Research – Simulation and identification of foodborne outbreaks in a large supermarket consumer purchase dataset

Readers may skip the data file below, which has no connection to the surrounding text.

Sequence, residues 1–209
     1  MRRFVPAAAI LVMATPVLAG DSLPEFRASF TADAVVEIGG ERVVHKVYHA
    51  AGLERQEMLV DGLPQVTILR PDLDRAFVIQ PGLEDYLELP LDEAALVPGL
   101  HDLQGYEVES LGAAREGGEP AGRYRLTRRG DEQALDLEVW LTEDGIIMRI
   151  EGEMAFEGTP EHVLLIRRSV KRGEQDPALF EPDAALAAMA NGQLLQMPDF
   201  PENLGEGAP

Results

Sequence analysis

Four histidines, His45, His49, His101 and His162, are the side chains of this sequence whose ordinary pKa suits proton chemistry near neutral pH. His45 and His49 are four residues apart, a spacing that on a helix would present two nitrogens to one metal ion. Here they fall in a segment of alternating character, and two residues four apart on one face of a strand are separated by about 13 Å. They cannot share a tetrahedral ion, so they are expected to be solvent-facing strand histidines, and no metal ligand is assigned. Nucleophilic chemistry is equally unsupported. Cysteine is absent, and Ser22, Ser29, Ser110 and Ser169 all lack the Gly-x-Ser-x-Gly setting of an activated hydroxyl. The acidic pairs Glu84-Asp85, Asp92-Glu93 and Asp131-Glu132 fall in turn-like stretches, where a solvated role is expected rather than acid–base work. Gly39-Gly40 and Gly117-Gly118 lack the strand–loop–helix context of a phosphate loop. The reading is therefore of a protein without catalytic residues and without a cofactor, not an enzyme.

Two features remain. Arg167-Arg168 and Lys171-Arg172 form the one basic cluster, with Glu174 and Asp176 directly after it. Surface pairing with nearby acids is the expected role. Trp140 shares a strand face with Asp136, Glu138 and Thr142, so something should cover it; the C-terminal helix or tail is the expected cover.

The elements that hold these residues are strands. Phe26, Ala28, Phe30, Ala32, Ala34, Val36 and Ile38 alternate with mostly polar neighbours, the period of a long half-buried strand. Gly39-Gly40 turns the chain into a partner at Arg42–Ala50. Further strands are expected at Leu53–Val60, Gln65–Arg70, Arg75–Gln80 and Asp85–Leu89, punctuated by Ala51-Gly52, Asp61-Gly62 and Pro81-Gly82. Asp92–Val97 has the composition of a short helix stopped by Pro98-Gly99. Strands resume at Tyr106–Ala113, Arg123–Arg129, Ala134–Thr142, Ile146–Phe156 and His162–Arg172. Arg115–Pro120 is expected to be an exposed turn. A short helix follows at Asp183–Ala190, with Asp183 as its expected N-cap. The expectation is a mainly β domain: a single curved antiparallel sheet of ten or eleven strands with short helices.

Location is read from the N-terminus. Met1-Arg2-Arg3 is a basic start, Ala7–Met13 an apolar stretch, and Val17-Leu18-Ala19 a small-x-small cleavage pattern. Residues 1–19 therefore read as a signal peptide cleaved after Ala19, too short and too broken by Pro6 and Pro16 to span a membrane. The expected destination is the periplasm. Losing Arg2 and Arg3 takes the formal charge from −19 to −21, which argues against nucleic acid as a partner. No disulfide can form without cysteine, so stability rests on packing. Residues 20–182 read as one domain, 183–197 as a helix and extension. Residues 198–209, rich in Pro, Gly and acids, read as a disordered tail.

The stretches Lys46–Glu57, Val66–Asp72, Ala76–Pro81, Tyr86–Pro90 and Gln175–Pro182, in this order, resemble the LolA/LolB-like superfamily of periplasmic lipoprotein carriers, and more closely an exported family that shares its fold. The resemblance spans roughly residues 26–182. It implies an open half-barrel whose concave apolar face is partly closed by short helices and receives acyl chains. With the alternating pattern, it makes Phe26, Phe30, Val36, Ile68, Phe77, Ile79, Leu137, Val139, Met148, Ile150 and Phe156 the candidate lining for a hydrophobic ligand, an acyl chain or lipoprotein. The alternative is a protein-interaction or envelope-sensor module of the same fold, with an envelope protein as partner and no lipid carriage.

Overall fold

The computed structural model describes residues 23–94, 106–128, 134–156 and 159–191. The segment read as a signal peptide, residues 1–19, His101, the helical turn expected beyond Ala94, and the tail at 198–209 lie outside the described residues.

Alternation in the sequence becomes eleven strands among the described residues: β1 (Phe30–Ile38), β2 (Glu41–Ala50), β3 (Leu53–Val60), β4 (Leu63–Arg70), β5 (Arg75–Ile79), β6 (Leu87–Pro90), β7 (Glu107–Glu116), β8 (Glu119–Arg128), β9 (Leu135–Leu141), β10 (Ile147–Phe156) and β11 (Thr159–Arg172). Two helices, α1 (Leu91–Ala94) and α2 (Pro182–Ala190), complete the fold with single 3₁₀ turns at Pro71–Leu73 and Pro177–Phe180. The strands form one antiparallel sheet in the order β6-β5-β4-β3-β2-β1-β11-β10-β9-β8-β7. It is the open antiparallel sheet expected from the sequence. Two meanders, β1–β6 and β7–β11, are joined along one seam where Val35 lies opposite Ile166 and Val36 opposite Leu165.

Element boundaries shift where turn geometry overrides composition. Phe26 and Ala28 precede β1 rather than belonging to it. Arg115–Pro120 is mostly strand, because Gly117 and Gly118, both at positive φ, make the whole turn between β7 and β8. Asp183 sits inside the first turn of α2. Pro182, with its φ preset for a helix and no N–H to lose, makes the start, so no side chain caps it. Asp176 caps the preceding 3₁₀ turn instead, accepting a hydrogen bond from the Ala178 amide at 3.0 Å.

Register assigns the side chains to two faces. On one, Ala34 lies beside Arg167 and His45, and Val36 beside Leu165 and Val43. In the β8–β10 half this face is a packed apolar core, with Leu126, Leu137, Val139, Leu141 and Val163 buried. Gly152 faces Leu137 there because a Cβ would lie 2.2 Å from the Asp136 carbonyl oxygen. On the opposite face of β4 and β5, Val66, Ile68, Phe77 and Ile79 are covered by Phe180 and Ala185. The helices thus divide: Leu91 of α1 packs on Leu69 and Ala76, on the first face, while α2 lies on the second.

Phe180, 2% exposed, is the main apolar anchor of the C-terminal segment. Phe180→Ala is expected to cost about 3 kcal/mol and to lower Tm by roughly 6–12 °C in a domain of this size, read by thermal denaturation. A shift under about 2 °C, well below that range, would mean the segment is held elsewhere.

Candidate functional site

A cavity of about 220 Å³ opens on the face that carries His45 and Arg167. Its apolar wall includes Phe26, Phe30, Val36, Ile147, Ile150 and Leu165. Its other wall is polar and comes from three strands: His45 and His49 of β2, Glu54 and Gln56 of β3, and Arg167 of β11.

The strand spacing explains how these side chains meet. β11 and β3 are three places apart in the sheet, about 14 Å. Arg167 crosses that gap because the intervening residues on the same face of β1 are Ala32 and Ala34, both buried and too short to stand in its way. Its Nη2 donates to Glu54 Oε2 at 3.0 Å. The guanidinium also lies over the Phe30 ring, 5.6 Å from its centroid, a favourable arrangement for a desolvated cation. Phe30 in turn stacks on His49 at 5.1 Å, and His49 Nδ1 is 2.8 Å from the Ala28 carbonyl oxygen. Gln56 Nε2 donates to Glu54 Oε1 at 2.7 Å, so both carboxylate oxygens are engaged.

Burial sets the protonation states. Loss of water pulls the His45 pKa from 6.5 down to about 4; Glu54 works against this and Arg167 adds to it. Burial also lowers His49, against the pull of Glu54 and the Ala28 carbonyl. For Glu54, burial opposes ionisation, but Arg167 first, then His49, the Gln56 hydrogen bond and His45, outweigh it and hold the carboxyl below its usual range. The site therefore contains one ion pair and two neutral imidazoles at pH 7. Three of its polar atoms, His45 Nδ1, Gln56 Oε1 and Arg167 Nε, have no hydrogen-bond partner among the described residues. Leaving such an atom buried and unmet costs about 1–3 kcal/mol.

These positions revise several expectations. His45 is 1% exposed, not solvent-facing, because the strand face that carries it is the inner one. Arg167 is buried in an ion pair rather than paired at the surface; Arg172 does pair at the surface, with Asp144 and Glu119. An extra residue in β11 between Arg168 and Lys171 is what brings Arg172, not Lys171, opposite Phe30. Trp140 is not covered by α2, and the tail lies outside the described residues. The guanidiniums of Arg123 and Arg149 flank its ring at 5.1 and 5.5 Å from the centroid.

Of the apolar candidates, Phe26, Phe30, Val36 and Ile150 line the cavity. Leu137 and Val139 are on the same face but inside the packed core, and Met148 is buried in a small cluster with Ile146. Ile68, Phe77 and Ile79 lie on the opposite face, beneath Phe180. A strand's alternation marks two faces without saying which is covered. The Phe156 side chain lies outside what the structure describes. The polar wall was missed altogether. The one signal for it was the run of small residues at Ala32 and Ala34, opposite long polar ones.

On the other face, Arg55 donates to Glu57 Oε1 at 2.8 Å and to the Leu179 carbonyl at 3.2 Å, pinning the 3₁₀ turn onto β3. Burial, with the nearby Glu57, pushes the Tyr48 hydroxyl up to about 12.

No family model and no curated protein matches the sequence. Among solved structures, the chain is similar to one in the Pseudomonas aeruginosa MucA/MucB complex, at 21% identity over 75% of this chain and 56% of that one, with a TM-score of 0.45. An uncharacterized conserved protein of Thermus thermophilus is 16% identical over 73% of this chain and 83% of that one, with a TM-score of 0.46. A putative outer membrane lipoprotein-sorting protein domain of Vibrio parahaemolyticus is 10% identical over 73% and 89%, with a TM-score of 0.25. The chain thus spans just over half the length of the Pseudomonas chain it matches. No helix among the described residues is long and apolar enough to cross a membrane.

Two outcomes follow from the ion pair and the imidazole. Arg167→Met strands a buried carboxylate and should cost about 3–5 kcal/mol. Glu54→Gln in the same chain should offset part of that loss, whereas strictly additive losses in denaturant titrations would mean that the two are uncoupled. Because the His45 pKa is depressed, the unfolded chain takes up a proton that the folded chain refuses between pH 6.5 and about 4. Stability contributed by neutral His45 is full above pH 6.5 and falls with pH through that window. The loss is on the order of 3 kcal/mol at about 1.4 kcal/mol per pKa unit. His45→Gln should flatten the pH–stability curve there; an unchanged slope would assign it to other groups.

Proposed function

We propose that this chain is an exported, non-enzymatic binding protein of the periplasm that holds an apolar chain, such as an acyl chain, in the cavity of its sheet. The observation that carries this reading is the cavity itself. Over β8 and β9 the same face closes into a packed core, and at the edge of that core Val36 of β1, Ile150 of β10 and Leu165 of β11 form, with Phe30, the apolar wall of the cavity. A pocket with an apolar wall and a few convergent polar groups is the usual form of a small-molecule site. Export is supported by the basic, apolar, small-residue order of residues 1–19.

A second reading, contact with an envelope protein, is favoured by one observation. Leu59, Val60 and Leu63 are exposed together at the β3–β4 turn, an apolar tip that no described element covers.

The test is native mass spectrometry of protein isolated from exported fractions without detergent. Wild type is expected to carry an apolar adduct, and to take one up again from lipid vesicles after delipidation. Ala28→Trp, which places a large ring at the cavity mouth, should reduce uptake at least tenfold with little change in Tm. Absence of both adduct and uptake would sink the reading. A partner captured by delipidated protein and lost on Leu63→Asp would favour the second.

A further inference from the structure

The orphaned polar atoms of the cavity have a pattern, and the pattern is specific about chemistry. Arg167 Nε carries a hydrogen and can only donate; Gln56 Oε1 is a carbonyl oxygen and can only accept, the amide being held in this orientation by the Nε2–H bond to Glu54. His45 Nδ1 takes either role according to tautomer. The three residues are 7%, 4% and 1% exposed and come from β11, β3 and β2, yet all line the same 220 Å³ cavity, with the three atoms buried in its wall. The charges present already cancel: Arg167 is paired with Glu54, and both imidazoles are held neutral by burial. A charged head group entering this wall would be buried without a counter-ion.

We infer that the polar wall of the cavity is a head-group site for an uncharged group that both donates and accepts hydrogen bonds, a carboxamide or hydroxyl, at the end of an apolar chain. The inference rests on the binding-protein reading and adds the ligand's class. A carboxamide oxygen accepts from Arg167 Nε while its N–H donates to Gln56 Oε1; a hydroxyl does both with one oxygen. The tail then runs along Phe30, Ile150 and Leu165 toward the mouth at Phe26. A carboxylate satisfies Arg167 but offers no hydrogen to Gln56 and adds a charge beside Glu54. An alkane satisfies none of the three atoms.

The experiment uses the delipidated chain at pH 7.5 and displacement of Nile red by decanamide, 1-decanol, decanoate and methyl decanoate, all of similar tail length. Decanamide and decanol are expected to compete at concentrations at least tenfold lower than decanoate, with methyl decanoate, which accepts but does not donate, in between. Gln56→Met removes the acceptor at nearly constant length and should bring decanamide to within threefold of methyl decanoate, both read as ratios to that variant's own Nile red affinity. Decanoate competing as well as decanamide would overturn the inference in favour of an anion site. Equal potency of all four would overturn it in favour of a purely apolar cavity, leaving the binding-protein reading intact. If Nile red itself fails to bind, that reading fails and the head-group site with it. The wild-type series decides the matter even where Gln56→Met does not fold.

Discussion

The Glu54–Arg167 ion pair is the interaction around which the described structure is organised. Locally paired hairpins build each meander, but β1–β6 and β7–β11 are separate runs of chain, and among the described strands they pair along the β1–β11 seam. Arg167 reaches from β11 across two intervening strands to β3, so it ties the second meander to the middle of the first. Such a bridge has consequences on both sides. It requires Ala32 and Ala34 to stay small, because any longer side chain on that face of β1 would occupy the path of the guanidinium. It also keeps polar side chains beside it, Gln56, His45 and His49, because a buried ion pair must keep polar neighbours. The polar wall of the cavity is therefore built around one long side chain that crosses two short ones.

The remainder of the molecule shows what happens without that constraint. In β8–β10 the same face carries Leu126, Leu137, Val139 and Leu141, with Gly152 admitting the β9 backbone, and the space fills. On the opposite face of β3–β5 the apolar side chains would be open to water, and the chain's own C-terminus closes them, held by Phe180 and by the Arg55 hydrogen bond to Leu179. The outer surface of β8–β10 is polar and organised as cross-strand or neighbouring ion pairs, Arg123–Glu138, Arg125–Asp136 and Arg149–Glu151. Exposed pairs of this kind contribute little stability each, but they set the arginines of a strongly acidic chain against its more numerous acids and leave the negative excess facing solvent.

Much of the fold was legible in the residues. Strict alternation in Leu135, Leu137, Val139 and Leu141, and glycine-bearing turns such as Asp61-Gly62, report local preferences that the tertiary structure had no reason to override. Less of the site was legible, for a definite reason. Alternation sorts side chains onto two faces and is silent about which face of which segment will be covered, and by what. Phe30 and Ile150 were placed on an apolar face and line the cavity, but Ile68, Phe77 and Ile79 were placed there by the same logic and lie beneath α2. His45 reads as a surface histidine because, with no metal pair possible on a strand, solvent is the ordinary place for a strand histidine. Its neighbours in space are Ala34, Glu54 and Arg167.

Foodborne outbreaks represent a significant public health burden. Outbreak investigations are often challenging and time-consuming, and most outbreak vehicles remain unidentified. The development of alternative investigative strategies is therefore needed. Automated analysis of Consumer Purchase Data (CPD) gathered by retailers represents one such alternative strategy. CPD-aided investigations do not require trawling questionnaires to create a hypothesis and can provide analytical measures of association by direct data analysis. Here, we used anonymized CPD from 920,384 customers enrolled in Norway’s largest supermarket loyalty program to simulate foodborne outbreaks across a range of different parameters and scenarios. We then applied a logistic regression model to calculate an odds ratio for each of the different possible food vehicles. By this method, we were able to identify outbreak vehicles with a 90% accuracy within a median of 6 recorded case-patients. The outbreak vehicle identification rate declined significantly when using data from only one of two retailers involved in a simulated outbreak. Performance was also reduced in simulations that restricted analysis from product ID to the product group levels accessible by trawling questionnaires. Our results show that—assuming agreements are in place with major retailers—CPD collection and analysis can solve foodborne outbreaks originating from supermarkets both more rapidly and accurately than than questionnaire-based methods and might provide a significant enhancement to current outbreak investigation methods.

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